What is Access Control Entry?

Access Control Entry (ACE) is data within an access control list detailing the access privileges assigned to an individual user or a collective group of users. In the Access Control Entry system, an identification (ID) distinguishes each ACE and identifies the specific individual or group of subjects.


Each access control entry includes:

  • A security identifier (SID) representing a specific user or group
  • Bit flags that decide if child objects can inherit the ACE
  • A flag indicating the type of ACE
  • An access mask detailing permission rights


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Access Control List Types


An Access Control List (ACL) is similar to an organized list of rules that determine who can do what. ACLs contain many access control entries that define the access rights of different individuals or groups. Two varieties of ACLs exist:


Filesystem ACLs regulate access to files and directories, informing operating systems about user permissions and allowed actions.


Networking ACLs control access to the network, guiding routers and switches on permissible traffic types and activities.


Active Directory ACLs Microsoft’s Active Directory service operates as an LDAP server, storing and sharing setup details regarding users and computers within a domain. It enhances the LDAP specification by incorporating a similar access-control list mechanism found in the NTFS filesystem used by Windows NT. With Windows 2000, Microsoft expanded the syntax for access-control entries, enabling administrators to grant or deny access not only to entire LDAP objects but also to specific attributes within these objects.


ACLs traffic identification


ACLs can also categorize traffic identification:


Standard ACL

Standard ACLs, the original form of access control lists, filter network traffic by inspecting the source IP address in packets. To create a standard IP access list, you employ access-list numbers within the range of 1-99 or 1300-1999 (expanded range). These designated numbers inform the router that you intend to establish a standard IP access list, prompting the router to anticipate syntax that solely specifies the source IP address.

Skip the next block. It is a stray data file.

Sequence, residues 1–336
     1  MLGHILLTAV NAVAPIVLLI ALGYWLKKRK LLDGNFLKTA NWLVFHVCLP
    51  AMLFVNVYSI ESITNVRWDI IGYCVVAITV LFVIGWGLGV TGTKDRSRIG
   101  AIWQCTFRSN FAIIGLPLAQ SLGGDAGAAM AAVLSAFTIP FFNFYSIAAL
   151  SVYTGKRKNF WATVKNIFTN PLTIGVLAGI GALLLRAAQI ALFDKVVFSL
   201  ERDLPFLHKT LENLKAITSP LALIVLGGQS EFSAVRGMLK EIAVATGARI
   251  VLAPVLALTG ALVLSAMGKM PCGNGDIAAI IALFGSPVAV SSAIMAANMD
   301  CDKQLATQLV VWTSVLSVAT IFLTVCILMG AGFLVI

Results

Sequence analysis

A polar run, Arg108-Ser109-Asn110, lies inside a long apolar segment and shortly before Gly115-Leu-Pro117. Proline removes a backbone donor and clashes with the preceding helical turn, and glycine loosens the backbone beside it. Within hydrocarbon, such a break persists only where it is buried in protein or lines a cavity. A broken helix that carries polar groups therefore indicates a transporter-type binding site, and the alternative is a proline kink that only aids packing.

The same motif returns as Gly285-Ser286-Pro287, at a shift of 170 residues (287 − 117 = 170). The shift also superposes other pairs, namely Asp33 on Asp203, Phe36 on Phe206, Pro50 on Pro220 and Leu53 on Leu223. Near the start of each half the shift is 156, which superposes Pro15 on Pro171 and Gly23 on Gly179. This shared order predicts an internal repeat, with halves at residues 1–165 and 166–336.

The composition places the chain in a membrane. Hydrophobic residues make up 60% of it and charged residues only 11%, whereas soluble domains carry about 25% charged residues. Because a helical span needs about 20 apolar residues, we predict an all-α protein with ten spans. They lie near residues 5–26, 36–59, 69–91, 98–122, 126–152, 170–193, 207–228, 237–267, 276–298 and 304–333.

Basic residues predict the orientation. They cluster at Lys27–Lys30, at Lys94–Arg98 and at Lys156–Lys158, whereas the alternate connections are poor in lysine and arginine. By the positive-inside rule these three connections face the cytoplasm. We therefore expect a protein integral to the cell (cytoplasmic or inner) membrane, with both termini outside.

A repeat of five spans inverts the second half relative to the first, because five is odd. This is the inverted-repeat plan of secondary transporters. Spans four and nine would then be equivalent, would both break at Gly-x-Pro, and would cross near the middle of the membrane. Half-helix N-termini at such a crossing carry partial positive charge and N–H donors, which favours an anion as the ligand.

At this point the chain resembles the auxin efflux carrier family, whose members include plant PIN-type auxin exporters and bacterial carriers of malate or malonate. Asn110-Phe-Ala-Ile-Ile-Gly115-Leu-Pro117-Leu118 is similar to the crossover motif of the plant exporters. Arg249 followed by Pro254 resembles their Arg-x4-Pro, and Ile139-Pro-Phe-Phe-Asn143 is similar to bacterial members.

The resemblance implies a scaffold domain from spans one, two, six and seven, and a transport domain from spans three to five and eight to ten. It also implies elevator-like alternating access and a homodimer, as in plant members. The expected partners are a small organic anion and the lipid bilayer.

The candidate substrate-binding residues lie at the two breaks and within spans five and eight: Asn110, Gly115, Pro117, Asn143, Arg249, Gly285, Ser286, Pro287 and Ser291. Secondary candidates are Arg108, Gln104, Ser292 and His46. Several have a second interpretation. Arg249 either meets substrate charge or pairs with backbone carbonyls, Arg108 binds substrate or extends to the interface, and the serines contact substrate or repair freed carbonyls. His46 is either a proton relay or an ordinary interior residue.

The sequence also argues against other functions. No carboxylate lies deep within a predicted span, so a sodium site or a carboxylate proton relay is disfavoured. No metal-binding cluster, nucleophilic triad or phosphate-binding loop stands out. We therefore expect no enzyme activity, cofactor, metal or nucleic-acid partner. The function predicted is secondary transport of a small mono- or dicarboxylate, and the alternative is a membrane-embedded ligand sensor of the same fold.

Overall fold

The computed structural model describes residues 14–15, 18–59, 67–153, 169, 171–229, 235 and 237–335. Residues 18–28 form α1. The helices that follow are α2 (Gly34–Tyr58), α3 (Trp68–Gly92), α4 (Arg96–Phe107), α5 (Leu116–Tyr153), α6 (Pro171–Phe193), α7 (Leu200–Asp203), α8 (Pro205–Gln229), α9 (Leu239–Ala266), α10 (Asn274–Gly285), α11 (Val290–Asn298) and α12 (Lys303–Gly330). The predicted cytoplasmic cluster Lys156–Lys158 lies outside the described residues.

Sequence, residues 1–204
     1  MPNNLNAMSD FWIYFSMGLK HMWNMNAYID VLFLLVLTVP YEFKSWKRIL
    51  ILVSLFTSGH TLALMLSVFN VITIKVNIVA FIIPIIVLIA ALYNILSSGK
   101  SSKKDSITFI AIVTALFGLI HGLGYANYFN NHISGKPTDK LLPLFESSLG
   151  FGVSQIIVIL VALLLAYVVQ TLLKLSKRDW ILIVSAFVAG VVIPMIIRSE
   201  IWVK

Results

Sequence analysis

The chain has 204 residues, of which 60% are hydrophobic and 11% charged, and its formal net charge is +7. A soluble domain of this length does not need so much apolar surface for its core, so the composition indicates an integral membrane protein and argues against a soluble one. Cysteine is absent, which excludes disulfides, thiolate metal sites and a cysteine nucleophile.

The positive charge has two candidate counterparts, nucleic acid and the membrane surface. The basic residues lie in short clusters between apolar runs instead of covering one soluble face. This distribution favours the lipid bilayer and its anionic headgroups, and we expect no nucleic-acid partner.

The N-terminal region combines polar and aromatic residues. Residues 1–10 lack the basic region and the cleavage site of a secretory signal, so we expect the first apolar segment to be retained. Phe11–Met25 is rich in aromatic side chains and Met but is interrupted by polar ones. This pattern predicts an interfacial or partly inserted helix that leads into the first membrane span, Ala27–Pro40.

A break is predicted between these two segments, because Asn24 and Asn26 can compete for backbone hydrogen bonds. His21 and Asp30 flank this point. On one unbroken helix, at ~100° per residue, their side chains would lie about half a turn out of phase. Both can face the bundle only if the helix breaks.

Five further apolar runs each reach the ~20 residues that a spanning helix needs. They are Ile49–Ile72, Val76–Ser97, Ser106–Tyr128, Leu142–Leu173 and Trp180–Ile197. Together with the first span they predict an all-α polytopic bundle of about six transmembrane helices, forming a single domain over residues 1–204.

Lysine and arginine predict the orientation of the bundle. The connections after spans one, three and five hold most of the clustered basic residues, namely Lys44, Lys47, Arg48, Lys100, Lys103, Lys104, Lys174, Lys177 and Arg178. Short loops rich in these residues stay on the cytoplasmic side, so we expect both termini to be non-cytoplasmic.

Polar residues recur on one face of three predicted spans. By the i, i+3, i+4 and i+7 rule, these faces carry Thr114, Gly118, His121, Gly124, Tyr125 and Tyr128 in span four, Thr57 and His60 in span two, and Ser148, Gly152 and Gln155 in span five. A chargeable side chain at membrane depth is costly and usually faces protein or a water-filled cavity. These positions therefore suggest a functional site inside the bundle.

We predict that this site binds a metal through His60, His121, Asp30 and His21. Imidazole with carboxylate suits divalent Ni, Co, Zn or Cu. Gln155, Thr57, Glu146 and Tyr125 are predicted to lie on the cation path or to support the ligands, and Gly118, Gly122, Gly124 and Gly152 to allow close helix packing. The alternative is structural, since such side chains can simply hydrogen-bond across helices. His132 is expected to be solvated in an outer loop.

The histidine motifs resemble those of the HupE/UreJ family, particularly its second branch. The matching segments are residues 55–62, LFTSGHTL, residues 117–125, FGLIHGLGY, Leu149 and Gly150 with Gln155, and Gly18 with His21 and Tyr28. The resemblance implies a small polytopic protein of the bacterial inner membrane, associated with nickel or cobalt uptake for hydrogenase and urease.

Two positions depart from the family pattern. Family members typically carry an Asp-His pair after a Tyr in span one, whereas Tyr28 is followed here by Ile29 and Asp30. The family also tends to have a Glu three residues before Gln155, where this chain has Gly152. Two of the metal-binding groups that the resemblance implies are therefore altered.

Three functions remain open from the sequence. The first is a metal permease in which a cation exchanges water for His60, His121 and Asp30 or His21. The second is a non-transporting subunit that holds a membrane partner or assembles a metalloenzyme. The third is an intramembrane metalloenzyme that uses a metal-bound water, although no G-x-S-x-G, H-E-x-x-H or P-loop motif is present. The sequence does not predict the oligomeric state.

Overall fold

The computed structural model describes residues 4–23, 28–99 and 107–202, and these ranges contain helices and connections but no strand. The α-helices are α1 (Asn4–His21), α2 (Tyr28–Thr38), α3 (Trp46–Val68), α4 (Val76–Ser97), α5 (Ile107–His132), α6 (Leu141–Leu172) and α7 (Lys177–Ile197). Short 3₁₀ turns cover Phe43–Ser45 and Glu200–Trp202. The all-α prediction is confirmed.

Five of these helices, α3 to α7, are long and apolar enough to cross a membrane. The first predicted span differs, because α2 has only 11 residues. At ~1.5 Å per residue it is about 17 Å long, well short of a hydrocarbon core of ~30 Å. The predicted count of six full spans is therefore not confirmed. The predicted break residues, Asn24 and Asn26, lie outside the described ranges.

Extended ACL

Extended ACLs expand upon the capabilities of standard ACLs by considering both the source and destination addresses. They enable you to define the source and destination addresses, along with the protocol, TCP, and UDP port numbers that characterize them. Through extended access lists, you can grant users access to a physical LAN while preventing them from reaching particular hosts-or even specific services hosted on those systems.


Named ACL

Named ACL is a way to control network traffic flow by filtering packets based on specific criteria. It uses a meaningful name (e.g., “web_server_access”) making it easier to remember and associate with its purpose. This holds particular importance for documentation and ongoing maintenance tasks. Named ACL also configures entries within a dedicated mode, providing better organization.


Dynamic ACL

A dynamic ACL is an access control list whose entries are determined and applied during the execution of the access policy. These entries are stored and enforced for the duration of the access session. The ACL entries originate from a session variable, which can gather content from external sources like Active Directory, LDAP, RADIUS, or internal sources such as iRules, data groups, or a combination thereof.


Reflexive ACL

Reflexive ACL is commonly used in network security to control traffic flow based on dynamic session information.It dynamically tracks and permits return traffic for outbound connections initiated by devices within a network.They are commonly used in scenarios where traditional static ACLs may not be sufficient, such as in environments with dynamic IP addresses or for controlling traffic flows in stateful firewall configurations.


Context-based ACLs (CBACs)